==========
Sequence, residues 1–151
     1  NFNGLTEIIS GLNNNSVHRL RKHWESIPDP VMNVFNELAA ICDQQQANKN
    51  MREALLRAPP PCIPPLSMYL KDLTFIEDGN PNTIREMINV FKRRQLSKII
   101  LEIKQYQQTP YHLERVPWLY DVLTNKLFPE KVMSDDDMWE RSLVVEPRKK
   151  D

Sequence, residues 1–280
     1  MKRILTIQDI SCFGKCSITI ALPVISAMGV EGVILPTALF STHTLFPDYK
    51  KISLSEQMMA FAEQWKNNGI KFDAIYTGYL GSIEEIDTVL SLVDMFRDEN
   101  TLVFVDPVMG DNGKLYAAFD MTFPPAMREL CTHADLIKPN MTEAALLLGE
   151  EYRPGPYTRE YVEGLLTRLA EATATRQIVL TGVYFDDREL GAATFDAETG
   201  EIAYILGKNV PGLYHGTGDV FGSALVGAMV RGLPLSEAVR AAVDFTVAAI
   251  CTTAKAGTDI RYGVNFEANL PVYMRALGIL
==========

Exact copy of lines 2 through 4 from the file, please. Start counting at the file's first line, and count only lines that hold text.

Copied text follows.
     1  NFNGLTEIIS GLNNNSVHRL RKHWESIPDP VMNVFNELAA ICDQQQANKN
    51  MREALLRAPP PCIPPLSMYL KDLTFIEDGN PNTIREMINV FKRRQLSKII
   101  LEIKQYQQTP YHLERVPWLY DVLTNKLFPE KVMSDDDMWE RSLVVEPRKK